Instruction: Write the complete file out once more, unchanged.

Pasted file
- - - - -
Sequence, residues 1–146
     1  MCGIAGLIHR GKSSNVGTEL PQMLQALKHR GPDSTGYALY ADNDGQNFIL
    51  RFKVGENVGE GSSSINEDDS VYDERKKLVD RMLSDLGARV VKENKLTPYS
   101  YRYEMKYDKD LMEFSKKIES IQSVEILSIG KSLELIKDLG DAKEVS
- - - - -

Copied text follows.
Sequence, residues 1–146
     1  MCGIAGLIHR GKSSNVGTEL PQMLQALKHR GPDSTGYALY ADNDGQNFIL
    51  RFKVGENVGE GSSSINEDDS VYDERKKLVD RMLSDLGARV VKENKLTPYS
   101  YRYEMKYDKD LMEFSKKIES IQSVEILSIG KSLELIKDLG DAKEVS